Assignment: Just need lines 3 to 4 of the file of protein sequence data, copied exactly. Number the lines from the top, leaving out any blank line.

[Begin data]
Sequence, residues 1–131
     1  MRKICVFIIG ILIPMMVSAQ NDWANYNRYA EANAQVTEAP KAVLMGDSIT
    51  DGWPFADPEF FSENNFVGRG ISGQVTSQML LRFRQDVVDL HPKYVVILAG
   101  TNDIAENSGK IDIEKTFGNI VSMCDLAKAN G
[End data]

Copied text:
    51  DGWPFADPEF FSENNFVGRG ISGQVTSQML LRFRQDVVDL HPKYVVILAG
   101  TNDIAENSGK IDIEKTFGNI VSMCDLAKAN G